In the Northwest corner of Alabama, the Tennessee River links four cities—Florence, Tuscumbia, Muscle Shoals, and Sheffield—to form the area known as The Shoals. Each community has its own personality, but they share a common thread. Together, they are a wellspring of uniquely Alabama art and culture. Take a weekend to experience some of their offerings.
IT’S IN THE WATER
The Shoals is the beating heart of Alabama’s still-growing musical legacy. For years, the area has inspired and incubated artists and bands; today, a new crop is taking the country by storm. So where does all this talent come from? Perhaps it’s in the water, gurgling forth from the “singing river.” That’s what Native Americans called the Tennessee River, describing the gentle babbling they heard as currents flowed over the rocky shoals.
The area’s first musician to attain major fame was W.C. Handy, known now as the “Father of the Blues.” He was born in Florence in 1873, and as a boy was exposed to music in the church where his father and his grandfather served as pastors. He was the first to put the blues on sheet music, making the regional style more available to the rest of the country and the world. Every summer, the ten-day W.C. Handy Music Festival in Florence celebrates and preserves this heritage.
In the decades following Handy, other musicians from far and wide traveled to The Shoals. The music studios FAME in Muscle Shoals and Muscle Shoals Sound in Sheffield became legendary after artists like The Rolling Stones, Paul Simon, and Aretha Franklin recorded there in the 1960’s and 1970’s. Southern rockers Lynyrd Skynyrd also recorded in The Shoals. They all came hoping to add the area’s signature sound to their work, which included the vocal stylings of local musicians called The Swampers. FAME is still cutting records today, and while the Musical Shoals Sound studio is no longer making albums, its original location now houses the Muscle Shoals Music Foundation, which is open for tours. Learn more about The Shoals’s and the entire state’s contributions to the music industry at the Alabama Music Hall of Fame in Tuscumbia.
Alabama Chanin’s shop in Florence proves you can’t judge a book by its cover. The storefront is in an industrial park, attached to the facilities where the company designs, sews, and dyes its clothing. It may look like a warehouse on the outside, but inside, racks of hand-sewn dresses, shirts, and skirts are artfully displayed along with a thoughtful selection of books and home decor that complement designer Natalie Chanin’s creations.
She’s become a household name in the world of high fashion, thanks to the timeless appeal of her feminine but just a little funky designs. She’s also a hero in the “Southern-made” movement, thanks to her commitment to sustainability and quality. All Alabama Chanin pieces are made with organic cotton grown in the United States (some of it in Alabama), given their muted hues with natural dyes, and most are hand-sewn. Grab a cup of coffee and a bite to eat at the shop’s recently opened café while you’re there.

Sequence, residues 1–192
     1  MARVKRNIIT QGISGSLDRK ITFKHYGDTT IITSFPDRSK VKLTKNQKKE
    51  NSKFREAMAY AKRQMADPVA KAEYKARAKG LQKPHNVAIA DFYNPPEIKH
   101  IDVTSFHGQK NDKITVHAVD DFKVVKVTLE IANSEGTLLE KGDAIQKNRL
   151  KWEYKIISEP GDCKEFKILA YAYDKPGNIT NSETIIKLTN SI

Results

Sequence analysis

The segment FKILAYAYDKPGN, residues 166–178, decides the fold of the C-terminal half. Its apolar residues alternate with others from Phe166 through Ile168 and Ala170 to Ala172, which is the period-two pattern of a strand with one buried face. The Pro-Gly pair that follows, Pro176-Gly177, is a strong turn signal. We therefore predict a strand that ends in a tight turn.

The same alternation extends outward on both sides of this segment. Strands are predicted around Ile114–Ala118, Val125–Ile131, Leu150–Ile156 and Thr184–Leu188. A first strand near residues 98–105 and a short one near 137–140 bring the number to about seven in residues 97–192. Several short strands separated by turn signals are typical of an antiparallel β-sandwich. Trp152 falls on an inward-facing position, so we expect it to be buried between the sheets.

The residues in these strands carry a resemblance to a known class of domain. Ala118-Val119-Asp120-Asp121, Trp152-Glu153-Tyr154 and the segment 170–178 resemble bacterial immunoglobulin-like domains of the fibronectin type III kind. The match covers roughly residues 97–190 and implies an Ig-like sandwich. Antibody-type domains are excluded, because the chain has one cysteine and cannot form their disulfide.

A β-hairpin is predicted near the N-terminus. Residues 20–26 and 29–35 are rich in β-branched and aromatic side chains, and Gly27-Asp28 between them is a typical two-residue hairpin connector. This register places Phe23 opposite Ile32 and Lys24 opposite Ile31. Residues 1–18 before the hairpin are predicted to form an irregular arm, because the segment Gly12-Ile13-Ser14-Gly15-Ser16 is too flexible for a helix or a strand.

Alabama boasts another famous fashion designer, and he’s also in Florence: Billy Reid. Shop his selection of men’s and women’s clothing at his flagship store in downtown Florence.
The Shoals is a breeding ground for other artists too. Florence native Audwin McGee is a mostly self-taught. His paintings are vibrant and sometimes a bit macabre but always full of life and raw beauty. His wood and stone sculptures are created on a grand scale, and he also pours his talents in to one-of-a-kind furniture pieces.
There’s more than musical history in the Shoals; one of our state’s most famous women, Helen Keller, lived in Tuscumbia. At her childhood home, Ivy Green, you can touch the well pump where Helen and her teacher Mrs. Sullivan had their miraculous breakthrough. The simple clapboard home holds other treasures as well, including Helen’s Braille typewriter, her letters and other personal items.
Showcasing the art of architecture, The Rosenbaum House in Florence is a stunning example of renowned architect Frank Lloyd Wright’s modern, organic design style. It’s the only Frank Lloyd Wright structure in the state.
SAVOR THE SHOALS
There’s no shortage of restaurants in the Shoals, but you can’t leave the area without trying these three.
In downtown Florence, grab a stool at the counter in Trowbridge’s and treat yourself to something sweet. Still owned by its founding family, this spot is the epitome of a Southern small-town ice-cream parlor. It’s been in the same spot in downtown Florence since 1918, making it the city’s oldest business still operating in its original location. Floats, milkshakes, and other cold creamy confections are all delicious, but the signature dish is Trowbridge’s homemade orange pineapple ice cream, made using a family recipe.
Odette is the place to be at dinnertime. This new restaurant in an old building opened in downtown Florence in November 2014, and it’s gained a loyal following thanks to an inviting atmosphere and Chef Josh Quick’s innovative takes on familiar flavors and a commitment to using fresh, locally sourced ingredients. Start with the red curry deviled farm eggs, and try the pork loin scaloppini over rice noodles seasoned with peanut vinaigrette and finished with spiced-just-right green curry. This dish alone is enough to bring you back to the area.
Get close to nature and enjoy some down-home classics at the Rattlesnake Saloon, an interesting eatery that puts a tasty twist on the concept of cave diving. On the outskirts of Tuscumbia, it’s built under a massive rock ledge; you simply walk into the cave and dive into finger-licking-good burgers, hot dogs, bar snacks, and more. Cold draft beer starts flowing after 5:00 pm, and many nights feature live music.